A more sophisticated strategy for growth beyond a one-time alliance is a continuing one, which can be a tremendous advantage in supporting retainer client relationships. An ongoing alliance with another small firm, gives the firm that establishes the arrangement a tremendous advantage. From a cost perspective, the expenses involved in direct hiring are eliminated. Allied lawyers are not an out-of-pocket expense for billing purposes and the firm can customize the billing arrangements as needed, provided that the client knows of and approves them.

An excellent example was recently spotlighted by a leading Chicago legal publication. 1 Two small law firms in Chicago (nine-lawyer Varga, Berger, Ledsky, Hayes & Casey) and suburban Naperville (the Collins Law Firm P.C., with ten lawyers) have for more than a decade partnered to represent plaintiffs in environmental pollution cases. Four key lawyers, two from each firm, have secured millions of dollars in monetary settlements and remediation actions for their clients. The leaders of these two law firms have decided to call themselves a team—not to merge, but to publicize their capabilities together and start their own website,

Beyond a focused alliance, firms can maintain joint retainer arrangements. Target clients are often small businesses that have a variety of ongoing legal needs but are reluctant to commit to putting a single firm on retainer without being sure that counsel can indeed handle every issue that comes up. The lawyer does himself or herself no favors by offhandedly saying, "Of course I can," and then be unable to come through on a time-sensitive issue. The ideal arrangement is for the lawyer to offer assurance of being able to call on other allied lawyers for help if a need outside the normal field of expertise arises. This of course requires a substantial level of trust between lawyer and client and among the lawyers. The lawyer creating the alliance in effect functions as a general counsel to the small business, drawing on other "outside counsel" as needed. Such contract arrangements can contribute to work and cost efficiencies if used correctly, particularly if the lawyers involved bill at different rates.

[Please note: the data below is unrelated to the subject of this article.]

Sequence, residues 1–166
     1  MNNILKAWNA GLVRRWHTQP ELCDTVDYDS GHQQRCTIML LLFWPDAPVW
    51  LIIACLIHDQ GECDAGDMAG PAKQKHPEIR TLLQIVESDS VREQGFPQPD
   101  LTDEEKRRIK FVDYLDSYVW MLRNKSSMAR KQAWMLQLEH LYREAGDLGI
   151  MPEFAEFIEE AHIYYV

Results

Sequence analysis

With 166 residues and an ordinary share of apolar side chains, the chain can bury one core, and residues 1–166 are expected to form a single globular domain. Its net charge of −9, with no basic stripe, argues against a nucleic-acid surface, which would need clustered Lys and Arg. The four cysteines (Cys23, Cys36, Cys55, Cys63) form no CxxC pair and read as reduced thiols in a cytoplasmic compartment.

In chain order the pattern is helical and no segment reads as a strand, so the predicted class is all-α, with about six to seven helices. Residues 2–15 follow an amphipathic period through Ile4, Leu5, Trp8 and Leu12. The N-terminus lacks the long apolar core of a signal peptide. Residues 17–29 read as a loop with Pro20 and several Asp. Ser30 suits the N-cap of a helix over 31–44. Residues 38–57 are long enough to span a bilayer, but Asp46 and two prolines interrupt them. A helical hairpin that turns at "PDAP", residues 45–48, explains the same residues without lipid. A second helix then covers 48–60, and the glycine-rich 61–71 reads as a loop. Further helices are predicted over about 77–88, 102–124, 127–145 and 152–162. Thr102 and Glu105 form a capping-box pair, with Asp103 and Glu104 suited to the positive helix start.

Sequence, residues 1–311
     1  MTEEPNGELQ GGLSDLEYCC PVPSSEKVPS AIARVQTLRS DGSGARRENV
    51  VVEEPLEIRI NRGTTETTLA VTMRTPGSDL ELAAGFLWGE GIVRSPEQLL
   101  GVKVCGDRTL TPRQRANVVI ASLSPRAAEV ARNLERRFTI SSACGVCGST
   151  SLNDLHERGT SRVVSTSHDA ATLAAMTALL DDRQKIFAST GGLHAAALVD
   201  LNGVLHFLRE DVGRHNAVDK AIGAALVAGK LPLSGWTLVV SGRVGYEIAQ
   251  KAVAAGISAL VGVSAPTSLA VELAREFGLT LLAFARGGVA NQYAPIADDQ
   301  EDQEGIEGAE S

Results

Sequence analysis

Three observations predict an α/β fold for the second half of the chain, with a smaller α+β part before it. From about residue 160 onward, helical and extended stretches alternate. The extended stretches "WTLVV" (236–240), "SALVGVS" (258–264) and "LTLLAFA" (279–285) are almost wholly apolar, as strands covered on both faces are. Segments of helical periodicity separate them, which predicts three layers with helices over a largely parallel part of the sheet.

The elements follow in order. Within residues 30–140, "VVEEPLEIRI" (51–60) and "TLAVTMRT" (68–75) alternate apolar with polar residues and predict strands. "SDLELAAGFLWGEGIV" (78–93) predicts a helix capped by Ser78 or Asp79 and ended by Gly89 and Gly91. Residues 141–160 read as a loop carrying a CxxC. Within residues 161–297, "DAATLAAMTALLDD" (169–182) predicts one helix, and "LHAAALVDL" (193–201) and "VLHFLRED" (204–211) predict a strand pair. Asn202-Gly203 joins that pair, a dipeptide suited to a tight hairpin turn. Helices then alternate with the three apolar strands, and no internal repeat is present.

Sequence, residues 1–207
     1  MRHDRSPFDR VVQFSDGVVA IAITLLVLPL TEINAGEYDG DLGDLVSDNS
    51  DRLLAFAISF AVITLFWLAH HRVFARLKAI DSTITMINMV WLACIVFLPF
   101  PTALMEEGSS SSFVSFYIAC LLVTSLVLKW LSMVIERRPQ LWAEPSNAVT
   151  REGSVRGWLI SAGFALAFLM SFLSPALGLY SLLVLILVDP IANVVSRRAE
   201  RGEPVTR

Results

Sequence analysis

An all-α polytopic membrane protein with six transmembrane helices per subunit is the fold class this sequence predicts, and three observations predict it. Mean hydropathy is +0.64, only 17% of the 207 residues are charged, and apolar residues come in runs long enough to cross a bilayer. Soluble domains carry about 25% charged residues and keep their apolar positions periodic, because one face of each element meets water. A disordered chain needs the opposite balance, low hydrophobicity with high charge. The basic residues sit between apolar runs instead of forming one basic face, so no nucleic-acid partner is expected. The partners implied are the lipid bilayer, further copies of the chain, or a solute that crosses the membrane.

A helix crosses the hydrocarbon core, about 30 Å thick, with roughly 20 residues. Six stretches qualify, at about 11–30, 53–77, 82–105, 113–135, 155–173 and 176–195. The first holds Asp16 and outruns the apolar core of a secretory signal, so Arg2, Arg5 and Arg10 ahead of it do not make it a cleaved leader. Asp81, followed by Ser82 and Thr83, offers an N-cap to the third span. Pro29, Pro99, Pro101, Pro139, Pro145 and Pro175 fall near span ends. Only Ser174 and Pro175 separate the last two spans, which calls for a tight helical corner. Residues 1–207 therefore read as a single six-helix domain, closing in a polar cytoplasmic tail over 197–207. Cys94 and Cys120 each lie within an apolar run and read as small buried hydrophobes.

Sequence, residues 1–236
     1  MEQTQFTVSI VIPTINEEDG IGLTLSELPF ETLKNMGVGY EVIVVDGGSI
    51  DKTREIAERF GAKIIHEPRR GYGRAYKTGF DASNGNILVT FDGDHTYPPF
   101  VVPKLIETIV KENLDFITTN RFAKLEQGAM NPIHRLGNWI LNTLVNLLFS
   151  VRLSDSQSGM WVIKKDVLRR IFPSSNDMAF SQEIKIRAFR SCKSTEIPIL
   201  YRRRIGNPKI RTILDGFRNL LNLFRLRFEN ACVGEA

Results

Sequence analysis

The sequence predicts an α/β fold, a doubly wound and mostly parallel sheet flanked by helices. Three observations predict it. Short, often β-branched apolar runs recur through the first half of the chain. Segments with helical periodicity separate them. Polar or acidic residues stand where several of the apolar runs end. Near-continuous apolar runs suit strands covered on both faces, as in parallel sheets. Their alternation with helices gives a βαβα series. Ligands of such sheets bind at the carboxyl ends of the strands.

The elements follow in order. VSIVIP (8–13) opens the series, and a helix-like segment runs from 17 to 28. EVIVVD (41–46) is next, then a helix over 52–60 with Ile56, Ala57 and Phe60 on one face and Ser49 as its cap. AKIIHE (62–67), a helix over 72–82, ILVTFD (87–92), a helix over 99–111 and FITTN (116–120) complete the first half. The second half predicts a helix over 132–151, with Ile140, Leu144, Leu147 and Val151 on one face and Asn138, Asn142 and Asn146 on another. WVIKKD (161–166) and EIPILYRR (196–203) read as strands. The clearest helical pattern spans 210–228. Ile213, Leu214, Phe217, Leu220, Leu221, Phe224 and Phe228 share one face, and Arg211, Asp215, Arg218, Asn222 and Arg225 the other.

Just as in a formal law firm merger, the "people factor" of collaborative or retainer arrangements is important. The lawyers involved ideally must share common values and professional rapport. When single firms dissolve the lawyers frequently complain that "we grew apart." This is a result of the failure to keep communications open and candid as time passes. When a joint arrangement is established, it is subject to the same need to keep the communication process open, candid and frequent. Communication is a continuous requirement to ensure that individual agendas do not subvert the alliance. Otherwise, without clarity on what the alliance is to achieve and how the partners are to achieve it, there soon will be no alliance.

Other Growth Arrangements

Beyond the options discussed, there are other collaborative arrangements that may be attractive and practical for solos and small firms. Two of them are worth noting:

  • Onshoring Alliances. Outsourcing firms, the companies that in recent years sent work done by American lawyers to lower-cost countries like India, are now creating "onshoring" jobs for lawyers in the United States as outsourced temporary legal help. These lawyers can be added to a legal team as needed on a virtual basis. Often they are based in lower-cost areas of the United States, like West Virginia and North Dakota. The lawyers offer more capabilities but are cost-effective because they focus on commodity work and because of the lower cost of living where they reside.

  • Virtual Alliances. Although these are still emerging, several groups of lawyer-entrepreneurs have started such ventures. The firms employ lawyers who work at home, saving on overhead and costing clients less in legal fees. The firm and its lawyers are available for contract arrangements, overhead expenses are minimal, and the lawyers keep a percentage of what they bill.

In all these alternatives, client service is the essential ingredient. Clients look for performance in the firms they hire, no matter what the size or shape of the firm. Performance is a factor of many different things: communication, understanding and focusing on the corporate client's objectives, use of technology, and specialized knowledge. Small and solo firms that can use innovative arrangements to enhance performance stand an excellent chance not only to survive but to thrive in a legal marketplace where national growth no longer can be assumed as the norm.

1 "Pair of Law Firms Combines Forces to Battle Pollution," Chicago Daily Law Bulletin, 6/7/11